Speaking of uncertain things, Wolfhound Century is one of those books that sounds strange: an Inspector Lom is summoned to another city, Murgorod, to a catch a terrorist. Lom has been chosen because he’s an outsider from a city several days travel a way. He’s also an unintentional trouble maker as he’s no corruptible. What he show us as readers is a world of trolls, fallen angels from a war that raged above the earth, ancient forests with their own agendas and that’s just that start.
Higgens is exploring something that feels very Russian, at least to my ear, as Murgorod slowly unfolds to be a police state with records being kept on everyone and people encouraged to report on their friends and neighbours. The technology is early twentieth century with horse and carts and telephones and lots of manual record keeping.
Higgens has a brutal storytelling style as he tells his tale in short chapters (83 over 336 pages) and shows little mercy to his characters, which mixes in with the sense of place that he’s very good at. It’s refreshing to see powerful fantasy transported away from Medieval Europe into something more contemporary and interesting.
We’re dropped right in to the action with first two alternating chapters showing us Lom and Kantor, the man he’s sent to catch, but we’re not overwhelmed. The world-building is done in passing as we focus on Lom and Kantor and their associates as they go on their separate and inter twinning missions.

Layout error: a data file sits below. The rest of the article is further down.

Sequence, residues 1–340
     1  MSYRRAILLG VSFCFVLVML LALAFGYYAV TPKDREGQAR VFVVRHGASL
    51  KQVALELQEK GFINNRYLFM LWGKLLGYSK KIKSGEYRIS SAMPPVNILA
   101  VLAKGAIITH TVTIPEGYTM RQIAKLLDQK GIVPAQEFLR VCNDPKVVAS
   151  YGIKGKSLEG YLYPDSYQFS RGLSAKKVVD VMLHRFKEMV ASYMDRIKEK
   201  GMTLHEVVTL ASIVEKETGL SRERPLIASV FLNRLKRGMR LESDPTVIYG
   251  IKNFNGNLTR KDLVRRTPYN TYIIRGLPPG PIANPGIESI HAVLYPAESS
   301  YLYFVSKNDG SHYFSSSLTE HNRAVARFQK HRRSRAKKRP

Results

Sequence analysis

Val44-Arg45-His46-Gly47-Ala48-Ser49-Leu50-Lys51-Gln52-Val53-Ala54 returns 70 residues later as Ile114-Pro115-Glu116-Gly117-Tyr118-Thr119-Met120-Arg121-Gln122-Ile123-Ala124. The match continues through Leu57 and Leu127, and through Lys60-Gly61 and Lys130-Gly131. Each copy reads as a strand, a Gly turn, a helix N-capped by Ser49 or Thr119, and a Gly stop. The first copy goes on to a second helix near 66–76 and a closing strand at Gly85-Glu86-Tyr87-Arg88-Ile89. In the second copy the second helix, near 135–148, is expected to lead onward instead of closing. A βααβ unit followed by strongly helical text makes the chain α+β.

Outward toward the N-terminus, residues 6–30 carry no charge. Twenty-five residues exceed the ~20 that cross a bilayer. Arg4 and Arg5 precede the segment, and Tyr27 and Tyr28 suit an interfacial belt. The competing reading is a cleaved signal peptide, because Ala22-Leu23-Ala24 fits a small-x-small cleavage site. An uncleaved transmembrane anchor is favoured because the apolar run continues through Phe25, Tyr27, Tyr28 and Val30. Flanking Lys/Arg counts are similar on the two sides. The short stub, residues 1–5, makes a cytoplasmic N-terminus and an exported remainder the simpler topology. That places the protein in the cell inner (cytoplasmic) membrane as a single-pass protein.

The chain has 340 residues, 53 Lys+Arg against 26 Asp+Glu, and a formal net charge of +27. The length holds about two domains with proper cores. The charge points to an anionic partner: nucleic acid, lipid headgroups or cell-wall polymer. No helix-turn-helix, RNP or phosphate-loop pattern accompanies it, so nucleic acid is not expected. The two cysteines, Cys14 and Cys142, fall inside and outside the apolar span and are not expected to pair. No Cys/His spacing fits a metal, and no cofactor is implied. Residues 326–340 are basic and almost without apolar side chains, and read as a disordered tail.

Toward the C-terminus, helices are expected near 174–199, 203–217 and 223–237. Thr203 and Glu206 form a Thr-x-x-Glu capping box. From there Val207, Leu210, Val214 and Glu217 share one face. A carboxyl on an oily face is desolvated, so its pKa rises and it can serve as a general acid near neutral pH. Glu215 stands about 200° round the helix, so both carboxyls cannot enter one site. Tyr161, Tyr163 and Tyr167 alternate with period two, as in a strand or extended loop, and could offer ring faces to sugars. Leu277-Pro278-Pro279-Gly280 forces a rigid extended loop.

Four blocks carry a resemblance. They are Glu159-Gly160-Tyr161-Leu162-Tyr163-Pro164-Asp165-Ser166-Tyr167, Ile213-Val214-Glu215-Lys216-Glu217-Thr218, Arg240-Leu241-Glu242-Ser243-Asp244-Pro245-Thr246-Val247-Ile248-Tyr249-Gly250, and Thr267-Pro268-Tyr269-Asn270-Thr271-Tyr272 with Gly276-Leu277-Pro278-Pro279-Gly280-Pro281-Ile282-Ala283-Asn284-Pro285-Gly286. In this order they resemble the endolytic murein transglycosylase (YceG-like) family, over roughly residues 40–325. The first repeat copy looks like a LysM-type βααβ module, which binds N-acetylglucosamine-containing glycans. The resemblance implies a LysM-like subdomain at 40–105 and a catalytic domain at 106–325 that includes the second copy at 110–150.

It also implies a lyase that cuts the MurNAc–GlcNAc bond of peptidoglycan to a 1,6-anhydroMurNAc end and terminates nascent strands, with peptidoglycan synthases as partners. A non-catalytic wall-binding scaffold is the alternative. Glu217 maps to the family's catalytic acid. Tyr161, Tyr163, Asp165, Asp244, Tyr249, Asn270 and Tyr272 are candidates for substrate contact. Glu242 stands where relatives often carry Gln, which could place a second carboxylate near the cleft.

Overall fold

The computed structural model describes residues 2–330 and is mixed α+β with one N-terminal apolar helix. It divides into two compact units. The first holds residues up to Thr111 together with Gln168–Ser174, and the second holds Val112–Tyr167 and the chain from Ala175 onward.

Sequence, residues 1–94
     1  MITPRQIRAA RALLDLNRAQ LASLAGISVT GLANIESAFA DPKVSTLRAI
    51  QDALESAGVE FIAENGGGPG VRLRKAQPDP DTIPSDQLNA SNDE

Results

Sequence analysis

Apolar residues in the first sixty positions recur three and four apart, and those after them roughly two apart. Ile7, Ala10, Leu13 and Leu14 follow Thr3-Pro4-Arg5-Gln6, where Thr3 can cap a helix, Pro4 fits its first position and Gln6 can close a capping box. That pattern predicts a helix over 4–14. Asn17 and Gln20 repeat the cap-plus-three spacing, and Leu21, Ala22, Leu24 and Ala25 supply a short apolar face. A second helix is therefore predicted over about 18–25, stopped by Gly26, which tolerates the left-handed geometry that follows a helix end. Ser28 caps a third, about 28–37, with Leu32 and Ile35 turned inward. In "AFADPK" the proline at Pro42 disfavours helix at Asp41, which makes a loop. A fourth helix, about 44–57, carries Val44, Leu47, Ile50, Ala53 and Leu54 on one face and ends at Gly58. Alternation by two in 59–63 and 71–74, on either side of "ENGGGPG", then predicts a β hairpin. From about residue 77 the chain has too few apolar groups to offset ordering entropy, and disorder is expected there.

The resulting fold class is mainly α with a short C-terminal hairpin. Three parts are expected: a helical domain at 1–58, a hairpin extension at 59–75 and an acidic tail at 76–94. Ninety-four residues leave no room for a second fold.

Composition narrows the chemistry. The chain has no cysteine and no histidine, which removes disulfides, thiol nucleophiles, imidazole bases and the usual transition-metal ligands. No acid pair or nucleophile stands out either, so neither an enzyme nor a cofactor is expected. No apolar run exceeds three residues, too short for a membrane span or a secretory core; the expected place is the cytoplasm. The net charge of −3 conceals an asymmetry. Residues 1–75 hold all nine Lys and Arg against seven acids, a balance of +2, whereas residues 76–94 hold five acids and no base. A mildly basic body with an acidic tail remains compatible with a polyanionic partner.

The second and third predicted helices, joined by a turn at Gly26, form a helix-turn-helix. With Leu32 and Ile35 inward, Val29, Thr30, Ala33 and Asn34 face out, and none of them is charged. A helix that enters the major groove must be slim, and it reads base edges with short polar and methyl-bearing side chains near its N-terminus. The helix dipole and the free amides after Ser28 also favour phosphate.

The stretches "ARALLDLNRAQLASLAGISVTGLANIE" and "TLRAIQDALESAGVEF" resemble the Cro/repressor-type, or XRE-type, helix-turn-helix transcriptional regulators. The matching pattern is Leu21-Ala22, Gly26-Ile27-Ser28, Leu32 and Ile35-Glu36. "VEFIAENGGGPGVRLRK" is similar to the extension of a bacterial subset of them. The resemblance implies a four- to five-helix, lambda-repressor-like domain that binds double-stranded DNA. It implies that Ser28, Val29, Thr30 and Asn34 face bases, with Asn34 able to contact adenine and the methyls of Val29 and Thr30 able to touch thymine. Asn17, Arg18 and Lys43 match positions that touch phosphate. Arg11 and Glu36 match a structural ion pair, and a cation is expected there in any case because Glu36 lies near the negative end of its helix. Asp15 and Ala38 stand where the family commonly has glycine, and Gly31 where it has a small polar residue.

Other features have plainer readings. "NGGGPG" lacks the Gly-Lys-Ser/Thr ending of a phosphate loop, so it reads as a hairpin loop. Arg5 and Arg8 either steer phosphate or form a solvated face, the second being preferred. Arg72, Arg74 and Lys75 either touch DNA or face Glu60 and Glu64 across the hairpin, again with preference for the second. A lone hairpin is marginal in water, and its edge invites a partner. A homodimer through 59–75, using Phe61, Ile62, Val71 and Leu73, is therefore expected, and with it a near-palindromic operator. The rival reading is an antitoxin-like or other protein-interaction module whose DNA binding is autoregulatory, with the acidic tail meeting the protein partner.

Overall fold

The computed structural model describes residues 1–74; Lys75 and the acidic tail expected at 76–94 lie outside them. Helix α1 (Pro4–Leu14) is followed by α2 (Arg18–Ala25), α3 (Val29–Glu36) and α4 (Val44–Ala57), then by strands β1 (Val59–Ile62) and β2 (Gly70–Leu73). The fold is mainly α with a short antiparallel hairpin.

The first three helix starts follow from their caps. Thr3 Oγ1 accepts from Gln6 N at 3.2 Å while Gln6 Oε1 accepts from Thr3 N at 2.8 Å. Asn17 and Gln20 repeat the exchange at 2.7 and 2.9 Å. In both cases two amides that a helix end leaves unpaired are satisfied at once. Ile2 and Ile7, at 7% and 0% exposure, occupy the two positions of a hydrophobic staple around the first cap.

One of the strengths here is that Lom seems impervious to the dangers around him but the reader is made aware of the bigger picture and the real trouble that he could, and does eventually, end up finding himself in.
As the opening to a sequence it has a very curt ending, which shuts one door and invites another to open, rather than leave on a cliff hanger. Not that Higgins needed to leave the characters in a precocious position as there is lots of dangers and trouble for Lom to get himself straight back into into especially with Kantor (and his angel patron) having an agenda they are fair from completing and the issue bleeding of one world into the potential of another.
Oh, didn’t I mention the bleeding of realities? I didn’t mention the scary stone angels enough, or the use of angel skin. I didn’t mention that the water seems alive and the forest is interfering too.
Wolfhound Century left me feeling that I’d read a special combination of an inspired writer with a skilled imagination.